Walton Heath 2021
This is a special place!
The true magnitude of the heathland astonished many players when they walked over the road and through the hedge, to witness for the first time the uninterrupted vista that is the extent of 35 holes of golf.
With very few trees, this remains one of the last, true heathland golf courses, unadulterated by self-sets or the fashion for tree planting in the mid part of the twentieth century. Although unusual today, this is how heathland courses used to be. The absence of trees, 575 feet above see level on the North Downs means that when the wind blows, it is said to be the nearest one gets to playing links golf inland.
The absence of trees, coupled with the fact that the courses are not especially long would have you believe that scoring would be reasonably easy. Heather lined fairways coupled with rapid, subtle, undulating greens proved otherwise.
The wind was not blowing during our two day visit. Uninterrupted sunshine, temperatures in the high twenties and a light zephyr, that occasionally reached one-club strength, provided even less excuse to those who were missing the fairways and taking their medicine in the heather. The key to playing these courses is straight hitting and good putting.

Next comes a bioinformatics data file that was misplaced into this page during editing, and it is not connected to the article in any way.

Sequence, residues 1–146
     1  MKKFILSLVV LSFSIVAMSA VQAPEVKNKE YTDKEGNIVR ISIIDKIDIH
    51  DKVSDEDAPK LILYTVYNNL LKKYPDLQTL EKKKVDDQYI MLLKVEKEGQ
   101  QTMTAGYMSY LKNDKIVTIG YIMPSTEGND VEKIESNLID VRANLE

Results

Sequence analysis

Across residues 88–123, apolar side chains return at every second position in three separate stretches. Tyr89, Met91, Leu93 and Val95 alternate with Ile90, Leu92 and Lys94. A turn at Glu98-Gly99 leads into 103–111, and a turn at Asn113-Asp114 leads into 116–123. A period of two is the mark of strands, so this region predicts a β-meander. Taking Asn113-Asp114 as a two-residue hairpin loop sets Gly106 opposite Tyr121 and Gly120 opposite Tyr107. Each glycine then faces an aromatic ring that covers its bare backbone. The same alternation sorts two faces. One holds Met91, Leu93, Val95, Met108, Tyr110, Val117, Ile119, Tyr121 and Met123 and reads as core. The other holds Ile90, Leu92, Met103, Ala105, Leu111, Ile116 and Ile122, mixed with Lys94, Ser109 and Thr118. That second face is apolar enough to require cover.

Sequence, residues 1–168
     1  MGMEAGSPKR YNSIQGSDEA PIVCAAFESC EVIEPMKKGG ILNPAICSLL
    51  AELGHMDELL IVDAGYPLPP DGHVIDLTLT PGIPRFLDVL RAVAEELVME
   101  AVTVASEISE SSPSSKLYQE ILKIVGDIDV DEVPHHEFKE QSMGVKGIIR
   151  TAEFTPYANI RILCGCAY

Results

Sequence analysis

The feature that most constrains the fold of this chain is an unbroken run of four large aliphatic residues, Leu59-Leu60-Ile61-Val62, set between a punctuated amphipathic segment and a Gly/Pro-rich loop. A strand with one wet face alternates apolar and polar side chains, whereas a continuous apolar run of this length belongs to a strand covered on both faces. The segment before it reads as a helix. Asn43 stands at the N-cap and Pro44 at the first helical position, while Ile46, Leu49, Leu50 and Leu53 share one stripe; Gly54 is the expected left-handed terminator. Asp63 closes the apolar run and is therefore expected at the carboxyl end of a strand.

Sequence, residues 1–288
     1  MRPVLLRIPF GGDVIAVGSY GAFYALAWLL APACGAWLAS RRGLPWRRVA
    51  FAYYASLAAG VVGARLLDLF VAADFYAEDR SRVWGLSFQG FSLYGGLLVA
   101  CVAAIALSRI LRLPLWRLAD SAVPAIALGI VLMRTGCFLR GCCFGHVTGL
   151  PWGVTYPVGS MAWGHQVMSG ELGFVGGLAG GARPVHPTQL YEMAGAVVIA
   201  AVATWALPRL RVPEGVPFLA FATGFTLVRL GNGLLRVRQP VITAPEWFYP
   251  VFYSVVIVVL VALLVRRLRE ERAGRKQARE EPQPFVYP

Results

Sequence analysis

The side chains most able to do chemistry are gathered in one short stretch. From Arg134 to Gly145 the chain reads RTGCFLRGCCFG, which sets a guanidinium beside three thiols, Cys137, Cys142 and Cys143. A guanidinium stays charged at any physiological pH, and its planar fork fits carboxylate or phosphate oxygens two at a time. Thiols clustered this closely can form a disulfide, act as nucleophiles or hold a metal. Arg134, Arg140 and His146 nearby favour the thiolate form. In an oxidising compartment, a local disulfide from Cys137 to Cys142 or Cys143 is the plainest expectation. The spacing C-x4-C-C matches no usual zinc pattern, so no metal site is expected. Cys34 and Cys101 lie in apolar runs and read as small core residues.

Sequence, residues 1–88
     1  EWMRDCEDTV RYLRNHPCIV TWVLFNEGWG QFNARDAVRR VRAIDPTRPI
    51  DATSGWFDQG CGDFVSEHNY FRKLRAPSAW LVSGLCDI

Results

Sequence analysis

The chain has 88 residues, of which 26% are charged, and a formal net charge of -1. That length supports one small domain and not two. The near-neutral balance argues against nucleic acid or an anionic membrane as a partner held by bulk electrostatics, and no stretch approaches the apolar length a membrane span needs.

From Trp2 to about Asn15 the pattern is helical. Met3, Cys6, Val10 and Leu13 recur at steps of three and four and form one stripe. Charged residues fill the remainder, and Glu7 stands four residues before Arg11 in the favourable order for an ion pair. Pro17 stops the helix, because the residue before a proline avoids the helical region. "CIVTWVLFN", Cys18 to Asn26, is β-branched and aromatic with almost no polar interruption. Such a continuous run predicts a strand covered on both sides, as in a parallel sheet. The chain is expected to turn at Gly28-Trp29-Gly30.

It was a delight to take Teetours to Walton for the first time, as I spent two days looking at smiling faces.
The courses are only part of the equation that made it a delight, the food was super and the staff in both the office, bar and dining room were excellent. Providing a most pleasant “nothing too much trouble” service.
Among the great names associated with Walton Heath, the one that astounds, is the first club professional, James Braid. He won The Open five times. He beat his age in both his sixties and his seventies; and only missed by one shot repeating the feat in his eighties. But, for those who played last week, the most outstanding achievement is the fact that he had a two on every, yes, every one of the 36 holes of golf. In our two days of golf, with sixty four players, only five two’s were recorded!
The twist of having all four scores to count on the last three holes made an interesting change and one that I think we will take to Burnham next month.
I negotiated the rate for this first visit with the original intention that we would be there in March. Lockdown meant a postponement. Fortune then fell our way on two counts, courtesy of the golf club: We were offered an alternative date for the beginning of June and, very benevolently, at the same rate that would have been for March - Happy days indeed!!
I am proud of all those who attended; they conducted themselves in a manner that has lead the club to offer us a return next year. The dates of which have yet to be finalised.